A dialog box labelled "Insert Hyperlink" will appear. Type the web address into the "Address" field. For example, the web address of this article is "http://www.thesitewizard.com/faqs/create-website-with-microsoft-word-office.shtml" (without the quotes). Click the "OK" button.
The text you selected should now appear as a blue underlined link in your document.
To make some piece of text into a link, select the text in your document in the usual way. For example, let's say you want to make "Is it Possible to Use Microsoft Word or Office to Create a Website?" into a link. Drag your mouse over those words or use the Shift key together with the arrow keys to select them. Then click the "Insert" menu, followed by the "Hyperlink" item that appears in that menu.
A dialog box entitled "Insert Hyperlink" should appear. Type the web address you want into the "Address" field. For example, the address of this article is "http://www.thesitewizard.com/faqs/create-website-with-microsoft-word-office.shtml" (without the quotes). Click the "OK" button.
If you have done it correctly, the text you selected should now be underlined and appear in blue, the way many links on the web do.
Apart from inserting hyperlinks, the other thing you'll need to know is how to convert the document from its default ".doc" or ".docx" file format to an HTML file. To do this, if you are using Word 2003 or 2010, click the "File" menu. If you are using Word 2007, click the nameless round button at the top left of the Word window. Then, whether you're using Word 2003, 2007 or 2010, click the "Save As" item in the menu that appears.
Once the "Save As" dialog box appears, type the name of the file you want to save as in the "File name" box. For example, if you are making the main page of your website, you should call the page "index" (without the quotes). Then click the "Save as type" drop down box to expand it.
There are two possible options that you can use to create HTML files (ie, web page files). Select either the "Web Page (*.htm; *.html)" option or the "Web Page, Filtered (*.htm; *.html)" option.
The "Web Page, Filtered" option creates smaller and more standard web pages that contain only the formatting code understood by web browsers and search engines. The "Web Page" option creates HTML pages with additional hidden Word formatting code. This additional code is (hopefully) ignored by web browsers and search engines, but is used interally by Word when you open that same file again to edit it. If the additional code is not present, when you reopen the file in Word, you may not be able to use some of Word's features on your document in the usual way. (For example, some facilities may be disabled.)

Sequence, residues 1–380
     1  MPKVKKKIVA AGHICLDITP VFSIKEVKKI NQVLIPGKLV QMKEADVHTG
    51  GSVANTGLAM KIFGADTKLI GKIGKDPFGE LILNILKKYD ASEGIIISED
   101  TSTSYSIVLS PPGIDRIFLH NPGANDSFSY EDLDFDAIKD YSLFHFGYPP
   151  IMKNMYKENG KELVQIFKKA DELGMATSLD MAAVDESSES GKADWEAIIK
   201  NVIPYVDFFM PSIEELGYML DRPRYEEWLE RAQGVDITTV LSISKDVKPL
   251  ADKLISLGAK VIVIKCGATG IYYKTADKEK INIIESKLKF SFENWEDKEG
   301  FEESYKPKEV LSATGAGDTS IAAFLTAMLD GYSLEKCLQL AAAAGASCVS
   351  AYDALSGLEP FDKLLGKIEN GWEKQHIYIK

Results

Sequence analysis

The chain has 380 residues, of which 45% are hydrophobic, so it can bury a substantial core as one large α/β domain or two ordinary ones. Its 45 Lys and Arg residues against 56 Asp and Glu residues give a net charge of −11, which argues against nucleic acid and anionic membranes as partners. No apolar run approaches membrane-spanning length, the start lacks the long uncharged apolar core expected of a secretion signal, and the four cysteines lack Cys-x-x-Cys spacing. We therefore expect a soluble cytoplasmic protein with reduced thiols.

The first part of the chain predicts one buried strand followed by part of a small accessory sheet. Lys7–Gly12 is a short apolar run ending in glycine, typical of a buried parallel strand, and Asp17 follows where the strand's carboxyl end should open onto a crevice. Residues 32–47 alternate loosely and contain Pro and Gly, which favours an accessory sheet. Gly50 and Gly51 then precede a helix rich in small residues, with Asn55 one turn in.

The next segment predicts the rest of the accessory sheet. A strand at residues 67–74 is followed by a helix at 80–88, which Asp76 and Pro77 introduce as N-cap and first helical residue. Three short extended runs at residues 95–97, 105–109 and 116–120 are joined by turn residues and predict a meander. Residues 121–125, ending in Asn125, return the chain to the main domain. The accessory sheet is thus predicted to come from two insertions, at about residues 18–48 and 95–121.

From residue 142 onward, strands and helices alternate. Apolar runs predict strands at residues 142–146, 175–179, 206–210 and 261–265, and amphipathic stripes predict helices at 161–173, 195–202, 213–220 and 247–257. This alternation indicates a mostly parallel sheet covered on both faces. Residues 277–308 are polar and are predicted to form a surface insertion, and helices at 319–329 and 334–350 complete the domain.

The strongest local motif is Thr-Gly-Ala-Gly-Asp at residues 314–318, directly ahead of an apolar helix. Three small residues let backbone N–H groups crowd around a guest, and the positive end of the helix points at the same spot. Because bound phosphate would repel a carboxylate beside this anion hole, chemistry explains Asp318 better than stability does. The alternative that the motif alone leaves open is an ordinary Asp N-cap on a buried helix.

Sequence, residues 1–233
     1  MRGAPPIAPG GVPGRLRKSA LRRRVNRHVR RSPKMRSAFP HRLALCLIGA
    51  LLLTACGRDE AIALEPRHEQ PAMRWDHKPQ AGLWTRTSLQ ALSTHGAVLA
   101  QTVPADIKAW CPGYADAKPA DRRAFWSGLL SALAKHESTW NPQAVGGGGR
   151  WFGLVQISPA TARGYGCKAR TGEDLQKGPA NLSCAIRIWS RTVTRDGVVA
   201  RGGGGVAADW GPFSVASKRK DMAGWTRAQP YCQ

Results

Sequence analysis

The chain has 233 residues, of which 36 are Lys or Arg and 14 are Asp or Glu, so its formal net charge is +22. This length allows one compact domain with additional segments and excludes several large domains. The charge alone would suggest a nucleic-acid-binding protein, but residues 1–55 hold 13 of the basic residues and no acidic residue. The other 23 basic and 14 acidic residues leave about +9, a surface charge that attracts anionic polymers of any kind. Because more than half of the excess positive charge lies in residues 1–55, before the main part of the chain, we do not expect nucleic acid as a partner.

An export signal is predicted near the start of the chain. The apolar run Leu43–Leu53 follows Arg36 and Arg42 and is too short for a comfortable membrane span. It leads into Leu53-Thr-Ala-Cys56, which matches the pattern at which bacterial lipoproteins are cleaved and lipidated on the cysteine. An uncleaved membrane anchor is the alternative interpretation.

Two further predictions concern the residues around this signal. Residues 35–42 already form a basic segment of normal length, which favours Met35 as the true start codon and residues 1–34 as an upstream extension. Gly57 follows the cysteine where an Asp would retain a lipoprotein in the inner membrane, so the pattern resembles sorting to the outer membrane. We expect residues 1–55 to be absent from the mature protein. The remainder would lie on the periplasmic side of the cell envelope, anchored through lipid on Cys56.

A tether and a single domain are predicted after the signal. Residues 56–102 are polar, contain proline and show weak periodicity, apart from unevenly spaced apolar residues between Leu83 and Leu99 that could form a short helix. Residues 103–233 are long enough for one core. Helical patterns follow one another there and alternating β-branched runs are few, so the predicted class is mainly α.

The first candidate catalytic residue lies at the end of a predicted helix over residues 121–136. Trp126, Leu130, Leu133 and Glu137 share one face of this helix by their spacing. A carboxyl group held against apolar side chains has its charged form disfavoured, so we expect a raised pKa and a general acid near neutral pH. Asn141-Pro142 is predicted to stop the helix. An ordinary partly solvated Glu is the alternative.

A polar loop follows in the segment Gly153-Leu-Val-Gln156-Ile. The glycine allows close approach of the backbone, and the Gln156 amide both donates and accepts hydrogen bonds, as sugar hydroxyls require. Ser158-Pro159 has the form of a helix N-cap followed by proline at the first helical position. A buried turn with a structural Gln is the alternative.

In view of this, unless you know what you're doing, you probably should save it as "Web Page". Your page will not be considered as 100% valid HTML, but then, since you're using a wordprocessor to create the page, it probably isn't going to be 100% valid anyway, whether or not you use the "Filtered" option. (It will probably also be more bloated than it needs to be.)
Once you've selected either the "Web Page" or "Web Page, Filtered" options, the dialog box will change, and a new "Change Title..." button will appear. Click it. A dialog box, called "Set Page Title", will appear.
This page title is the title of your web page that you see in the search engine listings of your website. It also appears in the top menu bar of the browser window when you view your web page in a web browser. It is not displayed in your document, but is an important part of a web page.
Type an appropriate title for your web page here and click the "OK" button.
Next, if you use Word 2007 or 2010, click the "Tools" button at the bottom of the dialog box, and select "Web Options". In the "Target Browsers" drop down box, select the "Microsoft ® Internet Explorer ® 6 or later" line, and click the "OK" button. (It's probably already selected by default in Word 2010, but you may want to still want to check to make sure, just in case.)
Before you proceed, notice that Word has changed your filename to add ".htm" to the end of it. For example, if you typed "index", the file will now be called "index.htm". Change it so that the ending is ".html" instead of ".htm". That is, if Word has changed it to "index.htm", modify it so that it is now called "index.html".
Finally, click the "Save" button in the "Save As" dialog box.
Word saves your file along with an additional folder containing any embedded pictures you have in your document as well as some other data. You will have to publish both your file and this additional folder (and its contents) to your website.
Since Word doesn't have a built-in facility to publish your web page, you will have to use a separate program to do this. As mentioned earlier, such a program is called an FTP client. Please see the article How to Upload a File to Your Website Using the FileZilla FTP Client for a step-by-step guide on how to use one such FTP client, Filezilla (which is free), to publish your web page and its associated folder.
Note: this assumes that you have already signed up for a web host and all the other things associated with website publishing. This guide doesn't deal with those aspects. If you don't know what I'm talking about, or have not done any of those things, please read How to Make/Create Your Own Website: The Beginner's A-Z Guide. Otherwise, when you read the Filezilla tutorial, you'll wonder what I'm talking about when I mention "web host".
Publishing a website using Word or Office isn't really ideal. You have to make do with a lot of limitations. However, in a pinch, it is possible to create a rudimentary web page if you need to.